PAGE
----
As I say, I can lift the floor and get to the soil pipe which runs back under the loo and then out. Is there anything actually wrong with just cutting a hole in this and using a strap on boss to connect my new 40mm in?
I was thinking of something like http://www.screwfix.com/app/sfd/cat/pro.jsp?cId 1624&tsA811&idI547
Cheers,
Darren

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On Wed, 13 Dec 06 20:35:47 GMT someone who may be snipped-for-privacy@ukc.ac.uk (dmc) wrote this:-

What may be acceptable is a vertically rising smaller pipe, with a tee for the sink and then an air admittance valve. However, this is something to check with your local Building Control, their telephone number should be in the telephone directory.

I will stick with what I have already typed, but add that vertical drops of small pipes tend to fail the gradient rules unless well thought out.
--
David Hansen, Edinburgh
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No, a HepVo trap on the sink. Fit the 4" tee. Reduce to sink sized pipe and another tee to act as a rodding point. Also take the washing machine trap down to the main stack too, not teed onto the sink drain pipe. You can tee into a 4" pipe as you asked as long as it is higher than the toilet and fit a HepVo trap. HepVo traps can be vertical in-line in a pipe and must be accessible.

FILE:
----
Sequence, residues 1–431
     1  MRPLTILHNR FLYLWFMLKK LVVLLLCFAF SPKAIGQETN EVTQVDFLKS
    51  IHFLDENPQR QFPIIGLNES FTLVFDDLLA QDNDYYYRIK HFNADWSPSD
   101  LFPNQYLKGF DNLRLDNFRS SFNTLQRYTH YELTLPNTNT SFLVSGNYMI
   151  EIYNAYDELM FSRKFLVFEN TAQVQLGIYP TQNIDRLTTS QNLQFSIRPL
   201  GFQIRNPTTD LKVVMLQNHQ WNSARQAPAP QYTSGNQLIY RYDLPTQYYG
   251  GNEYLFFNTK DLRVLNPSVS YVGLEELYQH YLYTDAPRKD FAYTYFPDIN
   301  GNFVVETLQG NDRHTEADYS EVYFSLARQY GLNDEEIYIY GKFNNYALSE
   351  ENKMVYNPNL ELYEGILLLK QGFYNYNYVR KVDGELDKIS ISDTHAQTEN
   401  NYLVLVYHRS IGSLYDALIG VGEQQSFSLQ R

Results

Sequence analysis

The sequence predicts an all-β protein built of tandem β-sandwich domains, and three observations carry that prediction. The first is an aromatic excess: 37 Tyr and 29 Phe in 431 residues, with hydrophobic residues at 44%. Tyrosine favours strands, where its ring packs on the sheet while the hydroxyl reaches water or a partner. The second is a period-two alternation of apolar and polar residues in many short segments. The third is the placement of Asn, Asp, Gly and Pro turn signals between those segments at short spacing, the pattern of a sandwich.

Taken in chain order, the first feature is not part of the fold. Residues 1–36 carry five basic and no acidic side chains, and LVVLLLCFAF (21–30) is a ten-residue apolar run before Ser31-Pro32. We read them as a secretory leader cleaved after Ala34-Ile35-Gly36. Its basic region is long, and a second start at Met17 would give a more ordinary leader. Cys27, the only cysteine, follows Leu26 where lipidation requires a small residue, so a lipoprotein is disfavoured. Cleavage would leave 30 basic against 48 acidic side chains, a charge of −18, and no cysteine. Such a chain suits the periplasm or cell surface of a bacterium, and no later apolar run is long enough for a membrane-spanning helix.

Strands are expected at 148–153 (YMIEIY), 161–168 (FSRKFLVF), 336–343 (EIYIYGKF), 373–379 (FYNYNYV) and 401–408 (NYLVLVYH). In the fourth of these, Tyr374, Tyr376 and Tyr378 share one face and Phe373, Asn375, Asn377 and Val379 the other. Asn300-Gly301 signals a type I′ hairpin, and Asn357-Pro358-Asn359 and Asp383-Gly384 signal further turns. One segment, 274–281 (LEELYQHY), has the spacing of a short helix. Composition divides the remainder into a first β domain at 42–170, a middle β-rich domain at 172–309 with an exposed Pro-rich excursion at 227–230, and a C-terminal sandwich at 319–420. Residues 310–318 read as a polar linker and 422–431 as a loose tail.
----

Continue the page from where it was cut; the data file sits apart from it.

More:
As you don't have trouble with the sink or toilets or bath the gully side is probably OK. Just separate the sink and washing machine and run them separately to the stack. Use HepVo trap in each - these act as Air admittance valves. Make sure you have adequate rodding points. Have rodding tees not elbows. A direct rodding route to the gully is ideal.
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Ah. That'll be the failing of my original idea then :-(. Still, Davids idea would resolve that I guess. To tee into the easily accessable bit of soil pipe would put the tee about 1ft below the loo outlet.

Yep. That wouldn't be a problem

The gully is the source of the problem (I suspect). It (or whatever is left of it) is now under the conservatory and is about where my rodding from both ends comes to a halt :-/ This is where the sink, washing machine and dishwasher currently drain to. Ideally, I want to give up with this and just run to a new drain - one that I could access in the future if the bloody thing bungs up...
I was hoping to run along the other way and T into the pipe from the downstairs loo but this sounds more complex than I hoped (which is what I suspected). I suppose I could just take out the loo - we don't use it anyway as there is no sink in there and no ventilation. Maybe that would be the simplest quick fix for now. It can be sorted properly if we ever want to reinstate the loo.
Darren
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On Thu, 14 Dec 06 17:18:48 GMT someone who may be snipped-for-privacy@ukc.ac.uk (dmc) wrote this:-

What is a ft? Perhaps it is some quaint historical term, like an oz?
--
David Hansen, Edinburgh